There are distinguished differences when creating a game and its visual style from scratch and when you begin working with a well-established brand and a full ecosystem to support it. It was a case of a latter when we embarked on a quest to proceed with the development of an educational app “Kakės Makės nuotykiai” (Adventures of Kakė Makė), which was previously built by another Lithuanian game studio Tag of Joy.
This year fictional Kakė Makė persona celebrates its tenth anniversary and during those years it manifested into a well-liked widely recognizable brand that includes books, plays, merchandise and, of course, interactive educational content we worked on in the form of a mobile application.
The application we worked on was considered a brand extension. Our task was to seamlessly integrate the product into an already functioning ecosystem and add more depth to it. It is a particularly tough challenge as the brand already has its dedicated audience with certain expectations of how the product should look and feel like. Any creative decisions we made as a studio had the chance to alienate fans or create dissatisfaction as Kakė Makė in the application might not meet the conceived idea of Kakė Makė character in the rest of the franchise.
The second challenge we faced while developing the project was the fact that the application was already launched earlier. Our task was to take over the project and update it according to our and the owner‘s Alma Littera joint vision on how the application should look like after 4 years since the launch date.
The third challenge was a real headscratcher as we had to come up with a solution to increase cohesion between the game and the rest of the brand’s infrastructure.
By the time we are writing this blog post, Kakė Makė is still one of the biggest brands we have ever worked with, solely dedicated to the children audience. As we mentioned before, there are specific challenges and pitfalls when working with a developed brand such as this one, so we had to make sure to avoid them. We had to thoroughly understand our audience before we got knee-deep into development.
To do that, we worked very closely with the brand creator and owner Alma Littera. Kakė Makė brand itself strongly emphasizes the importance of tidying up and personal hygiene so our game must not fall out of this context. Although we had a lot of creative freedom (within the framework of our audience, the groundwork laid by Tag of Joy and the brand itself) we made sure that we and Alma Littera were always on the same page when we were considering new ideas to implement, upcoming plans for the game and its place within the brand.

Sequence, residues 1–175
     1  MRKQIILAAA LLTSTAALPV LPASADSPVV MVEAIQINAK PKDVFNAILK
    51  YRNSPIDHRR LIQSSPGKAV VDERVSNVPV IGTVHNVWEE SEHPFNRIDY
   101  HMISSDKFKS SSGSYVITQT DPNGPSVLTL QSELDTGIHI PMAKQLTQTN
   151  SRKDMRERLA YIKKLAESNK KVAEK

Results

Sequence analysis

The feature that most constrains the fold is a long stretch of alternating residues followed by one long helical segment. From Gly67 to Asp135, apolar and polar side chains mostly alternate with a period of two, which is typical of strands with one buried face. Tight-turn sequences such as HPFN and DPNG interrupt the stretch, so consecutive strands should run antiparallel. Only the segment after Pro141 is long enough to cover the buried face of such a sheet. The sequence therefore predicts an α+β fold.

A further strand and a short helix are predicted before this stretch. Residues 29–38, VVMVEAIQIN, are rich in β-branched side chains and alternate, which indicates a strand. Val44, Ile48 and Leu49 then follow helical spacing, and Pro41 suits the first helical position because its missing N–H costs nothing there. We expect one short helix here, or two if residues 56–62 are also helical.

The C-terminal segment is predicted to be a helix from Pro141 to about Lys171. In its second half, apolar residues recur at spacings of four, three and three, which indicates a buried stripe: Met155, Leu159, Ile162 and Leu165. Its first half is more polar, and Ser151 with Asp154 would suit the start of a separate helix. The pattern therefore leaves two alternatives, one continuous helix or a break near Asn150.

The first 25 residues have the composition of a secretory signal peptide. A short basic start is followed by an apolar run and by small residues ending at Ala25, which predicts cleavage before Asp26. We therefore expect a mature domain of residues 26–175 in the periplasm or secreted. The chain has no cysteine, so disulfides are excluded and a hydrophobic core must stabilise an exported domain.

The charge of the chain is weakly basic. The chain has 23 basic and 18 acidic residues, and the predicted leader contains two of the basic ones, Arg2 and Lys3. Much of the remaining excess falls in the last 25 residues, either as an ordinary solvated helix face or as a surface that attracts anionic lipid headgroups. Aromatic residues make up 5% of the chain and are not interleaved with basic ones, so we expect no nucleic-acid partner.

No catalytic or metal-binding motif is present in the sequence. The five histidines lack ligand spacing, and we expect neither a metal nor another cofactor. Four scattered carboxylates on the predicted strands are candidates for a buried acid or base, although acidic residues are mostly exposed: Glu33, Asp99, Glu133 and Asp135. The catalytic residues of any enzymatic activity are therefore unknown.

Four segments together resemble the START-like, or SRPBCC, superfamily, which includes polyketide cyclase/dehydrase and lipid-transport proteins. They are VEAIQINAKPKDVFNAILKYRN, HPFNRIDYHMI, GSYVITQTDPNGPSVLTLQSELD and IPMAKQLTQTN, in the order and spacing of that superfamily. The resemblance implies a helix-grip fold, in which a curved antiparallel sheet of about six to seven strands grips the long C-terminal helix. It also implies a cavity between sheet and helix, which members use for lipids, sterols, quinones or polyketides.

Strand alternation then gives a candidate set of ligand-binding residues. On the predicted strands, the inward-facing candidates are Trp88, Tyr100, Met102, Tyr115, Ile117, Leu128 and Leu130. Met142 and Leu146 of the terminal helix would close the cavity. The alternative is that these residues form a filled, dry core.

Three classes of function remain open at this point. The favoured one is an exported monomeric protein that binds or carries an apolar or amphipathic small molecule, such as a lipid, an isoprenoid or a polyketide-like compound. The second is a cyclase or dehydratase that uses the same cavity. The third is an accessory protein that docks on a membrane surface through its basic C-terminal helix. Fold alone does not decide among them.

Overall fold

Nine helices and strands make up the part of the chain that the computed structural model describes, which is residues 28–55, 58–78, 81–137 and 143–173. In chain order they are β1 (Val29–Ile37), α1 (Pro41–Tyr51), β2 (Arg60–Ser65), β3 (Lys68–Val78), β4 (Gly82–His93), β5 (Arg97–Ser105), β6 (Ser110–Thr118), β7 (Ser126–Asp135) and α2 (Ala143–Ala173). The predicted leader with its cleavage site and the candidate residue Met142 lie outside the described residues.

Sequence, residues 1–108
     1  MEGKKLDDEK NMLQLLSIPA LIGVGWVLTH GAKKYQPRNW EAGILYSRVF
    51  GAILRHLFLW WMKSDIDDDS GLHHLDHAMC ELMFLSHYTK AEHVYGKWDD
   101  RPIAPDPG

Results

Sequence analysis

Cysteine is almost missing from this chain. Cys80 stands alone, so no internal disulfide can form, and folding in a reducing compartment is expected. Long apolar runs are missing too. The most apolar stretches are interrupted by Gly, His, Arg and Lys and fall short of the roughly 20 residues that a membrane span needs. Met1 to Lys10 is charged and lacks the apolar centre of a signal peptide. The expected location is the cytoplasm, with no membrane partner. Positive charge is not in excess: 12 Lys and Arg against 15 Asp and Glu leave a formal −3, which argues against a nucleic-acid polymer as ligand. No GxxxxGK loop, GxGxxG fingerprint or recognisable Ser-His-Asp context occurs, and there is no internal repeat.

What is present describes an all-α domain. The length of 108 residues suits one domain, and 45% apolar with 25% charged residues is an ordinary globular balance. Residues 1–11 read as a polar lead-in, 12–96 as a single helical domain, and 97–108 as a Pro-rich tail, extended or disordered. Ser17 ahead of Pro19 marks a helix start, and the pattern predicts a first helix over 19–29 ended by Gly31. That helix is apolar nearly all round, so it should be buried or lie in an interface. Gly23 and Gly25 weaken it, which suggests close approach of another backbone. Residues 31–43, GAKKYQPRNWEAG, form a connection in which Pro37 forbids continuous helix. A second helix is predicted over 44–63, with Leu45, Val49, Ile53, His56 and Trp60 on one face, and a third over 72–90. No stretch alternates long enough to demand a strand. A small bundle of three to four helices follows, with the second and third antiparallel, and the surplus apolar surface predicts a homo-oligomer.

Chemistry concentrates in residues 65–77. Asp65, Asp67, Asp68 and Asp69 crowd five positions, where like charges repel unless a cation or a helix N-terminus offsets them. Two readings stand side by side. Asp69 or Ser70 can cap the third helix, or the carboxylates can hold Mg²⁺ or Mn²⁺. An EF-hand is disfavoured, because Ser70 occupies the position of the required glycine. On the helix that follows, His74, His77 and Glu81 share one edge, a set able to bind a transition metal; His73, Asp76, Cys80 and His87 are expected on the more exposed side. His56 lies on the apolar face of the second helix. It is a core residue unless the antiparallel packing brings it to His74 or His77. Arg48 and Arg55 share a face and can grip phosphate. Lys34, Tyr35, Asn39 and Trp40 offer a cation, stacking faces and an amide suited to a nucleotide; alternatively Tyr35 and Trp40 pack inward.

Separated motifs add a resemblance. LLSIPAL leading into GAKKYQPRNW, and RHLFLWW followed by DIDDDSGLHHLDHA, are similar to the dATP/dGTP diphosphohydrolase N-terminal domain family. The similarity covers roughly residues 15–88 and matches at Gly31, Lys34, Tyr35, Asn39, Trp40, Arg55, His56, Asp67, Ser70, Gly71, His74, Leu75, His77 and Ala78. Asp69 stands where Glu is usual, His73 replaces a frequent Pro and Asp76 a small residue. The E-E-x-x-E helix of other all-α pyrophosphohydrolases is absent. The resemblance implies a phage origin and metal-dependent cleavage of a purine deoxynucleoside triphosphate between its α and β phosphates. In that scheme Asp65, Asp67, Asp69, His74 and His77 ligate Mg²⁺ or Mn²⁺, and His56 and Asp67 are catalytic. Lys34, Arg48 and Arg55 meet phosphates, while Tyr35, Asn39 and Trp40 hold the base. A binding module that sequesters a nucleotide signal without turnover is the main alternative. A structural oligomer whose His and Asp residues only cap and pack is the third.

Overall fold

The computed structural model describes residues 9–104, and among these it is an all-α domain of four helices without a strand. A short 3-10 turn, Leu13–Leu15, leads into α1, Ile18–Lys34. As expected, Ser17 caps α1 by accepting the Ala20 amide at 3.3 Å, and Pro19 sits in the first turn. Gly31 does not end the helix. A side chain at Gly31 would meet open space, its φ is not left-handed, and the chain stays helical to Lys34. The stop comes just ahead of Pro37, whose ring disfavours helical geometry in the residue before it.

Such was the case when we initially considered creating a sandbox room type game for Kakė Makė, where the player could interact with almost every object in the room. When we pitched this idea to Alma Littera, they agreed with the concept and suggested that this functionality could be used to present the educational idea of tidying the room. As we went further, we developed numerous tasks for the player to do by attaching specific tags to each object that indicated whether the toy was placed in its dedicated destination or not and our studio implemented them into the app.
We did not get to start working on the app from scratch, however. The initial build was launched by Tag of Joy in 2015, and the product has changed a lot during those years. Although taking over an already launched project might seem a daunting task, our relationship with Tag of Joy and thorough support from Alma Littera has helped us to complete the change of hands seamlessly and ensure the benefit for all sides involved. Right now, we can firmly assess that SneakyBox is more than capable of taking on such projects from start to finish and developing them inhouse.
Finally, we had to find and implement a solution to minimise the gap between the app and the brand’s main product — books. Together with Alma Littera, the decision was made to generate unique codes that would be published in new books printed by the franchise. By using the code, the user would unlock various bonuses and activities in-game that couldn’t be reached playing a free version of the game. Each time a new book is launched, the app generates another bunch of codes specifically for said book. This way, the book and the app synergises well to bring benefit to the customer that uses both products simultaneously. This principle could also be used in many other brand activation methods as well as expanding educational content in the future.